GUERRIERI v. SEVERINI

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District Court of Appeal, Fourth District, California.

Lewis GUERRIERI, Angel Lehman and Ophelia Divizia, copartners doing business under the firm name and style of Santa Fe Vintage Co., Plaintiffs and Appellants, v. Phil J. SEVERINI and Severini Winery and Distillery, Defendants and Respondents.

Civ. 4946.

Decided: April 14, 1955

Wild, Carlson & Reeve and Robert M. Barnard, Fresno, for appellants. Iener W. Nielsen and Mikio Uchiyama, Fresno, for respondents.

This is an action for damages for breach of a contract to sell approximately 200,000 gallons of wine. Plaintiffs appeal from the judgment entered in favor of defendants and contend that the evidence does not support the trial court's finding that there was no contract entered into between the parties wherein the defendants agreed to sell to plaintiffs and plaintiffs agreed to buy the wine involved.

Plaintiffs, copartners doing business under the firm name and style of Santa Fe Vintage Co., were engaged in the business of producing, buying, bottling and marketing wine. Defendant Phil J. Severini and his wife were the owners of the Severini Winery and Distillery. On March 27, 1953, Severini had on hand about 180,000 or 190,000 gallons of wine, after taking out the lees and shrinkage, and on that date one Fritz Kyer, a wine broker, came to him and stated that he had an offer from the Santa Fe Vintage Co. to purchase his wine. In this connection Severini testified as follows: ‘He came to me, and he says, ‘I have an offer by Santa Fe Vintage Company to buy wine for them.’ He says, ‘Let's offer your wine for 36¢ a gallon.’ I says, ‘That is all right with me providing I get my money immediately.’ So he says, ‘OKay.’ He says, ‘Let's go into the office.’ So I went into the office'; that in the office he read and signed a document prepared by Kyer; that he told Kyer he wanted ‘cash for the entire amount immediately’; that he wanted Kyer to have Santa Fe to send a man up to gauge the tanks and give him a check for the full amount within 48 hours; that Kyer said ‘OKay. I will submit it to them’; that 15 minutes to half an hour later he called up Kyer and ‘I says, ‘Have you sent that offer in yet?’ And he says, ‘No, but I phoned it in.’ I says, ‘Well, I'm coming right down to see you.’ So I went down to see him. And I says, ‘Fritz, I'm having trouble with my wife, domestic difficulties, and it's possible she'll take out a restraining order on me, and being as I don't want no trouble, why don't we offer them my half of the wine, and let's submit the offer that way.’ He says, ‘No, I can't. I already phoned it in.’ I says, ‘Well if that's the way it is, there's nothing we can do about it. We'll have to go through with it’'; that a week or so later he asked Kyer if he had heard anything and Kyer stated that he had not; that he then on April 24, 1953, through his attorney, wrote a letter to Kyer withdrawing his offer.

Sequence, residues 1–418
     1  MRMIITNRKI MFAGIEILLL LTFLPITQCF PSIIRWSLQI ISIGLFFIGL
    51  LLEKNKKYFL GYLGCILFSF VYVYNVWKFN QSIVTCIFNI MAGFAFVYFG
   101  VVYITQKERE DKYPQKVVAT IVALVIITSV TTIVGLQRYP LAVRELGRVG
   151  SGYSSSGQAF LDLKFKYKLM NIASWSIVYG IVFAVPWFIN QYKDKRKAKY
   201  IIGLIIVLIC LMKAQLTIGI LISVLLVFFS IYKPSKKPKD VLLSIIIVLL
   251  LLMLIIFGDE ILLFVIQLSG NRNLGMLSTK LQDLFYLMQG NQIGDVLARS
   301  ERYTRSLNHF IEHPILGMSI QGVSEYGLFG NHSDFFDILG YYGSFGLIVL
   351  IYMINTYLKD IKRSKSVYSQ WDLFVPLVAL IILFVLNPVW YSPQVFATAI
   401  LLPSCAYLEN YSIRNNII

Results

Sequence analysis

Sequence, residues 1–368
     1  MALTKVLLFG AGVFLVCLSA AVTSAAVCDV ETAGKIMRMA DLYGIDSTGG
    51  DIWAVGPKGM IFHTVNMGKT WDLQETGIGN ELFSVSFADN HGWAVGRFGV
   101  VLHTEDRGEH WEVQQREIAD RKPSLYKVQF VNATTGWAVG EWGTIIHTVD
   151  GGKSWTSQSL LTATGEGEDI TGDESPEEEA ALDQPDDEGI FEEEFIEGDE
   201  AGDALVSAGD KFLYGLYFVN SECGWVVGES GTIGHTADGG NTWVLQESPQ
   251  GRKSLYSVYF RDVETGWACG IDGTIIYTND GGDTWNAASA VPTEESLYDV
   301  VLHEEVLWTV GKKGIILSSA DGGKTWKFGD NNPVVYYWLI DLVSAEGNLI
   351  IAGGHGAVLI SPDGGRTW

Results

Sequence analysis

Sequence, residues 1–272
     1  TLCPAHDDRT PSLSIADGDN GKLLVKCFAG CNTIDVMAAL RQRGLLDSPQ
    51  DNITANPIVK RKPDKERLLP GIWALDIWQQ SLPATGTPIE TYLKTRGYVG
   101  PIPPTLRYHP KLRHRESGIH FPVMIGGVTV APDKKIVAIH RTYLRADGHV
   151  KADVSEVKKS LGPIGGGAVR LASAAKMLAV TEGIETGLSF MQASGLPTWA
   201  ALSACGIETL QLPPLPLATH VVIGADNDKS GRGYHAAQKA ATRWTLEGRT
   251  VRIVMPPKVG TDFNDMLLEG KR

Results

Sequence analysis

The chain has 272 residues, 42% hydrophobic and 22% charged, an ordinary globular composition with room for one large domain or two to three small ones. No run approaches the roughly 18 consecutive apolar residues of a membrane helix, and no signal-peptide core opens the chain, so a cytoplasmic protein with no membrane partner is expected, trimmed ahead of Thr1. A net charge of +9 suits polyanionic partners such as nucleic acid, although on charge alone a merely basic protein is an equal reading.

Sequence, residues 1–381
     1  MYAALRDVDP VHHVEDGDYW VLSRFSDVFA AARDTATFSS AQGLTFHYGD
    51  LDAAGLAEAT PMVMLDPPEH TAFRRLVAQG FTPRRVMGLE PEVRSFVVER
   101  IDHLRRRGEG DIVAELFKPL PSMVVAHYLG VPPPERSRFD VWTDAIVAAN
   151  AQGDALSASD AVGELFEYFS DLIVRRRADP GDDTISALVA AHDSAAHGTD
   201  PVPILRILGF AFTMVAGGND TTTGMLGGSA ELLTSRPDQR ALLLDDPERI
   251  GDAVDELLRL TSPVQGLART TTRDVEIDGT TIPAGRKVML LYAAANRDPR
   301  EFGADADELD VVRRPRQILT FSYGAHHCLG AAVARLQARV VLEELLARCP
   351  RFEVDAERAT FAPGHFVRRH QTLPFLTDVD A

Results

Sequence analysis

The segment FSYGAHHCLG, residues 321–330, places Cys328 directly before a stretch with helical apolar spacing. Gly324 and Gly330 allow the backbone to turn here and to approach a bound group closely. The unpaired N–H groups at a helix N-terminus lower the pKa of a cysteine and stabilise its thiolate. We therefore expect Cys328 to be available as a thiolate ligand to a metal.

The document prepared by Kyer which Severini read and signed is as follows:

Kyer testified that on March 27, 1953, he told Severini that he had talked to Mr. Guerrieri of the Santa Fe Vintage Company and that Mr. Guerrieri had approved the samples of Severini wine that had been sent to him and that he would take the wine, the entire lot; that the price mentioned was 36¢ a gallon and the amount mentioned was approximately 200,000 gallons; that Severini said that was okay with him and that he accepted the order. Kyer further testified that this was a cash deal and that the wine was to be paid for as soon as it was delivered; that Severini said ‘Well, you have Mr. Guerrieri send up his man to gauge the tanks and then we'll invoice it accordingly’; that he got in touch with Mr. Guerrieri and asked him if he wanted to do that and Guerrieri stated he would take Mr. Severini's figures and that Severini could do the gauging; that the deal was made up on March 27, 1953, but that the written order was made up and signed on March 31, 1953; that he told Severini that Guerrieri had called him and wanted a signed order; that after the order had been prepared and signed, Severini called him on the telephone and asked him if he had sent the order in to Mr. Guerrieri; that he told Severini he had and Severini then stated that he could not deliver the wine, that ‘His wife had got out a restraining order against delivery of it’. Kyer further testified that he acted as broker for both Mr. Severini and for the Santa Fe Company; that he communicated the written order to the Santa Fe company after Severini signed it and informed them of its contents and terms; that Guerrieri said he would pay for the wine in any manner Mr. Severini requested; that he told Mr. Guerrieri it was ‘cash for entire amount immediately’ and that this was confirmed by Guerrieri.